After watching 'Bhoot Returns', you get an impression that this was one of those films that was designed to made in quick time and at a minimal price before filmmaker Ram Gopal Varma moved on to his next project.
With several long drawn scenes running into minutes in this one and a half hour long movie, it is quite apparent that the emphasis has been on technology more than any twists and turns emerging in the story. Yes, that has worked in Ramu's 'Kaun' but then it boasted of a much better plot. However for 'Bhoot Returns', that is not really the case.
The story is simple and Ramu makes it simpler by sharing a disclaimer at the very beginning that there is no idea which anyone has around the ghost's background or its need for staying on in the house.
This means that when its peace is disturbed with the arrival of a new family (Manisha Koirala, Chakravarthy, Alayana Sharma and Madhu Shalini), there are enough warning bells being raised.
The trouble though for the audience is that such alarm bells are raised far too often in the film due to which it all starts seeming repetitive after a while. Yes, agreed that in a horror situation like this, characters are expected to behave the same way every night and get panicky. However when it comes to a film, you do want something newer to play on every five minutes but that's something which goes missing in 'Bhoot Returns'. In fact not just is the interval point abrupt, the culminating stages are far from being impressive either as the story comes to a close before one could realise.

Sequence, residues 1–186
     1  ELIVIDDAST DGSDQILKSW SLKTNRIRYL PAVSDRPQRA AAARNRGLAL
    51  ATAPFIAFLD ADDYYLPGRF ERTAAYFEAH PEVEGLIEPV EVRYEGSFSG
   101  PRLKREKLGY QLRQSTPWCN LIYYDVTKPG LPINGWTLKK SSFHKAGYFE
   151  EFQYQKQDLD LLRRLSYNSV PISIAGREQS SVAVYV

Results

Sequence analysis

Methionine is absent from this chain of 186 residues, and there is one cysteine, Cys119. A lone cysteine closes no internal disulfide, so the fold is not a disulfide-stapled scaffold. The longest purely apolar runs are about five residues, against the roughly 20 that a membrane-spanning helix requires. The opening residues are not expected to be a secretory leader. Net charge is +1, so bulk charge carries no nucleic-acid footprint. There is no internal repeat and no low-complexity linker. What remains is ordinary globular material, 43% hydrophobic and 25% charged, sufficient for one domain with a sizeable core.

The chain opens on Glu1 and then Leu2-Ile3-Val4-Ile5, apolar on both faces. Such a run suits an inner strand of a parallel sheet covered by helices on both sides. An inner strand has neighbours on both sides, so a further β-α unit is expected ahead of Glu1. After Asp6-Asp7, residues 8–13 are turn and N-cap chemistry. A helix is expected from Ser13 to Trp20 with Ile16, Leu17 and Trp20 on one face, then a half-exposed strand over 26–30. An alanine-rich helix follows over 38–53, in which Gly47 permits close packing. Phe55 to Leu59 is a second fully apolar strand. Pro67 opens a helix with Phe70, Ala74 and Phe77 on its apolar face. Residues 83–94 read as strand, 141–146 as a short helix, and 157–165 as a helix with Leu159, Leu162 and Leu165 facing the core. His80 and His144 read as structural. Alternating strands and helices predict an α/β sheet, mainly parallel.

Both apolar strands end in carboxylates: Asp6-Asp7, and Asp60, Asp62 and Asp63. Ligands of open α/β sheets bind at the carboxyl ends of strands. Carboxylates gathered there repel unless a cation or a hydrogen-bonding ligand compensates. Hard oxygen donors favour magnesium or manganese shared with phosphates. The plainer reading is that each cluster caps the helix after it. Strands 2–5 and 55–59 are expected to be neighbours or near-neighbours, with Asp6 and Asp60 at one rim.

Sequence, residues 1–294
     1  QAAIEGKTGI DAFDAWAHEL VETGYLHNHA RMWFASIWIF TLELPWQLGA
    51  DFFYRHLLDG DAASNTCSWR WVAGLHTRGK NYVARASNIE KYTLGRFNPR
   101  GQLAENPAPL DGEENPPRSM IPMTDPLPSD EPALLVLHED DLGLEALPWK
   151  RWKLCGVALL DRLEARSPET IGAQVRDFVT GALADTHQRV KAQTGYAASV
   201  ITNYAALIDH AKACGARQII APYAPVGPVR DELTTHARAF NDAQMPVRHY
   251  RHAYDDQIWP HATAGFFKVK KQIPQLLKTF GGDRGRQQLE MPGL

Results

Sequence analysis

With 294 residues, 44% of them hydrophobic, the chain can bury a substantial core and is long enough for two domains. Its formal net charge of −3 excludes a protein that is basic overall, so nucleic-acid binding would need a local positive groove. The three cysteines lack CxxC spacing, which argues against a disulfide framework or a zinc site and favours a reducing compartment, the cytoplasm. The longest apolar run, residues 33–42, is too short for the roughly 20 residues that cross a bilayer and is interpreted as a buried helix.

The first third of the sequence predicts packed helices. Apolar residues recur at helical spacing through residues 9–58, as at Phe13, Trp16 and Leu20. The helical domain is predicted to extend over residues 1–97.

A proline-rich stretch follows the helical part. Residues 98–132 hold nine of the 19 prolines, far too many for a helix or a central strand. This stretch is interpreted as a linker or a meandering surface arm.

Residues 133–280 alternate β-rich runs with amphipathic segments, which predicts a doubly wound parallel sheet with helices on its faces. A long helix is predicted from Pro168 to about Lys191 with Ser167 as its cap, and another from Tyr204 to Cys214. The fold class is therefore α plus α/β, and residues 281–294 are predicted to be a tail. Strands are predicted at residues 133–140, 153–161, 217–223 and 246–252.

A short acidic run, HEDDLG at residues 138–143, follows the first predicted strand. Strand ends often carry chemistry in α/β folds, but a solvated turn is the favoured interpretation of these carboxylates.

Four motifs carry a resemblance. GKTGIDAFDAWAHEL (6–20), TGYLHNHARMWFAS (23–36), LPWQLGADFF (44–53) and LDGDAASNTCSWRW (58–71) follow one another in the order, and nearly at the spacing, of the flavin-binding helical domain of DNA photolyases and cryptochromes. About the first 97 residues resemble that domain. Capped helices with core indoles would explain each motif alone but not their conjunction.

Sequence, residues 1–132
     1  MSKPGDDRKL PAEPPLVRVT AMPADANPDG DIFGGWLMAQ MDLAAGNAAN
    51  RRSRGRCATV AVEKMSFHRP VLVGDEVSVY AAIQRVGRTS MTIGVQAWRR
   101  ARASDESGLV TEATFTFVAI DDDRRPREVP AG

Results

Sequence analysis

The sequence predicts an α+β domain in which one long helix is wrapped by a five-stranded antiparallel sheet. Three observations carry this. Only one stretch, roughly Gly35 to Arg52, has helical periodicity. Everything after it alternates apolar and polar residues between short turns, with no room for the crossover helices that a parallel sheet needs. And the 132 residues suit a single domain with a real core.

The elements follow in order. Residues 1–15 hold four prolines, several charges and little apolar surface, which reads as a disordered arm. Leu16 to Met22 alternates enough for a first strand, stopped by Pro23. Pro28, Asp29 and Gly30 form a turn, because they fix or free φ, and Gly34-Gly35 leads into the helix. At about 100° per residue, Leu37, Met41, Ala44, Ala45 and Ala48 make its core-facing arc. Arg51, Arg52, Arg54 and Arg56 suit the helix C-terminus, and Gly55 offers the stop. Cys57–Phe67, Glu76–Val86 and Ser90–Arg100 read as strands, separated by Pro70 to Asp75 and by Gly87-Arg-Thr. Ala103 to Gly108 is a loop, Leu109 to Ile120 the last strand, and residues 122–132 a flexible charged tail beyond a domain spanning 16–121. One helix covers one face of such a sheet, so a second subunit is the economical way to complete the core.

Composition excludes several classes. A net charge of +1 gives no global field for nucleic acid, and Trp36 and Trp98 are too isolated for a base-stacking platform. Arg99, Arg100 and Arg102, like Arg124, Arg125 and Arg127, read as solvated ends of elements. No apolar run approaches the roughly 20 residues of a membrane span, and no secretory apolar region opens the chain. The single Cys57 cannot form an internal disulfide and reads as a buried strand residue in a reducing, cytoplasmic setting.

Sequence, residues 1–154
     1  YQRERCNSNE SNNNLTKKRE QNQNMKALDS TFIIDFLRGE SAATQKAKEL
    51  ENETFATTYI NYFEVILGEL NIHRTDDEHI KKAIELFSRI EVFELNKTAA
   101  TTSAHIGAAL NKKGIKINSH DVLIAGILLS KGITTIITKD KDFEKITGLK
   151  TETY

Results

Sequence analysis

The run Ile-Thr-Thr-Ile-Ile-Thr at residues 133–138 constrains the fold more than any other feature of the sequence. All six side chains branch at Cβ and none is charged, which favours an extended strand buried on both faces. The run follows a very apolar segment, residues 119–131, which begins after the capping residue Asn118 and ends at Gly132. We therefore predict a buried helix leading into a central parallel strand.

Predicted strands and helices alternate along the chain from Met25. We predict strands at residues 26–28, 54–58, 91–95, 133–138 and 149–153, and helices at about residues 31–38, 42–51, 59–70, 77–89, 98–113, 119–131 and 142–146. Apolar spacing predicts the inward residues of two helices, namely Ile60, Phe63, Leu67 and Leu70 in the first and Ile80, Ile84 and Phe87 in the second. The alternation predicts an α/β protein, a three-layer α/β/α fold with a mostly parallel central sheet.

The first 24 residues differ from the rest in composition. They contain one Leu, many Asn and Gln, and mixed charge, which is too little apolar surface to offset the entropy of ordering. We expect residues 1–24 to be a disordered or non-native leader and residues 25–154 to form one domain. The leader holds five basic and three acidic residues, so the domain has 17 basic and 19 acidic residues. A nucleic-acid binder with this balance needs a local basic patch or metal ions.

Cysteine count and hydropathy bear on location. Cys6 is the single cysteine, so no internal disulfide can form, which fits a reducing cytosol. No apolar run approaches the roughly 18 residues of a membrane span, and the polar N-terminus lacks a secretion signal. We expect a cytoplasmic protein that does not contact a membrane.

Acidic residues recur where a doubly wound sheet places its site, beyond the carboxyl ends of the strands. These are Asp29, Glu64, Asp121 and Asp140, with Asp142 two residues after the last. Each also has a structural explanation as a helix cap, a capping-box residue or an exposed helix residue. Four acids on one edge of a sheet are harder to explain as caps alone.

However the good part about 'Bhoot Returns' is that it has some genuinely shocking moments that do jolt you as an audience. Of course the sound design plays a major role here but then that's one of the core expectations of a Ram Gopal Varma. Yes, the film doesn't sustain similar tension right from start till the beginning but there are moments indeed where you are with the character and can actually sense the nervous moments. On the other hand 3D also works only intermittently and though 'depth' in the scenes is visible in every frame, that 'jumping-on-the-viewer' shots are way too limited.
Amongst actors, Manisha Koirala starts off well but becomes monotonous after a while (of course due to the script which takes only one track). Chakravarthy is natural and his plight as a head of the family who is seeing things disintegrate right in front of him is something one can relate to.
Child actor Alayana is decent though doesn't have much screen time despite each of the posters featuring her quite prominently. On the other hand Madhu enjoys quite some attention for herself and though she seemed all at sea in 'Department', she not just acts ably but also comes across as a confident glam girl.
'Bhoot Returns' follows the template of a horror film to the T. A family encounters a ghost. From non-believers, they turn out to be believers. The house servant is the first to ring an alarm. Another family member tries to find a solution and eventually.....! Well, let's not get there since that would be accounting to spoilers being shared.
However it is clear that 'Bhoot Returns' has been a quick film delivery which does have a few genuinely interesting moments but doesn't quite make you go wow at the end of its play.